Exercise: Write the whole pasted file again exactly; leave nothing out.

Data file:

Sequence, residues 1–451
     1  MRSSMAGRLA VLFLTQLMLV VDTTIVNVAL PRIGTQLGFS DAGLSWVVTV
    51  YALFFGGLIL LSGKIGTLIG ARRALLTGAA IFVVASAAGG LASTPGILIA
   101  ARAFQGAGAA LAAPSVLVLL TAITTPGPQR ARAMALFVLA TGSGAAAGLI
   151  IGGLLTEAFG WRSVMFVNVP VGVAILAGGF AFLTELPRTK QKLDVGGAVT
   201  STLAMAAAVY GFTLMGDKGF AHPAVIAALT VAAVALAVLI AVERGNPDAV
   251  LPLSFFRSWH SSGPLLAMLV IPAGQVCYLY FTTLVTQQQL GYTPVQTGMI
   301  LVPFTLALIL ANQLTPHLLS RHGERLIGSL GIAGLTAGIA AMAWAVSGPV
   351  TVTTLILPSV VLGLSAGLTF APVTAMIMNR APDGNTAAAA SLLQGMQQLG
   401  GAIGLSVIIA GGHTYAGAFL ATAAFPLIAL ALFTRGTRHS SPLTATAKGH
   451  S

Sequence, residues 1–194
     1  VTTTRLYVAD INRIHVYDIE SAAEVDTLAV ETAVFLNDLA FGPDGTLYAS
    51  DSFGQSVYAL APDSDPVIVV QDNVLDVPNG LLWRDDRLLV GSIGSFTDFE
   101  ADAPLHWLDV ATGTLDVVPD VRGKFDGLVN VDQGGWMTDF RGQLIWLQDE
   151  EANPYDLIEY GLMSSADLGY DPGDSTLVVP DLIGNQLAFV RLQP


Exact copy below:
Sequence, residues 1–451
     1  MRSSMAGRLA VLFLTQLMLV VDTTIVNVAL PRIGTQLGFS DAGLSWVVTV
    51  YALFFGGLIL LSGKIGTLIG ARRALLTGAA IFVVASAAGG LASTPGILIA
   101  ARAFQGAGAA LAAPSVLVLL TAITTPGPQR ARAMALFVLA TGSGAAAGLI
   151  IGGLLTEAFG WRSVMFVNVP VGVAILAGGF AFLTELPRTK QKLDVGGAVT
   201  STLAMAAAVY GFTLMGDKGF AHPAVIAALT VAAVALAVLI AVERGNPDAV
   251  LPLSFFRSWH SSGPLLAMLV IPAGQVCYLY FTTLVTQQQL GYTPVQTGMI
   301  LVPFTLALIL ANQLTPHLLS RHGERLIGSL GIAGLTAGIA AMAWAVSGPV
   351  TVTTLILPSV VLGLSAGLTF APVTAMIMNR APDGNTAAAA SLLQGMQQLG
   401  GAIGLSVIIA GGHTYAGAFL ATAAFPLIAL ALFTRGTRHS SPLTATAKGH
   451  S

Sequence, residues 1–194
     1  VTTTRLYVAD INRIHVYDIE SAAEVDTLAV ETAVFLNDLA FGPDGTLYAS
    51  DSFGQSVYAL APDSDPVIVV QDNVLDVPNG LLWRDDRLLV GSIGSFTDFE
   101  ADAPLHWLDV ATGTLDVVPD VRGKFDGLVN VDQGGWMTDF RGQLIWLQDE
   151  EANPYDLIEY GLMSSADLGY DPGDSTLVVP DLIGNQLAFV RLQP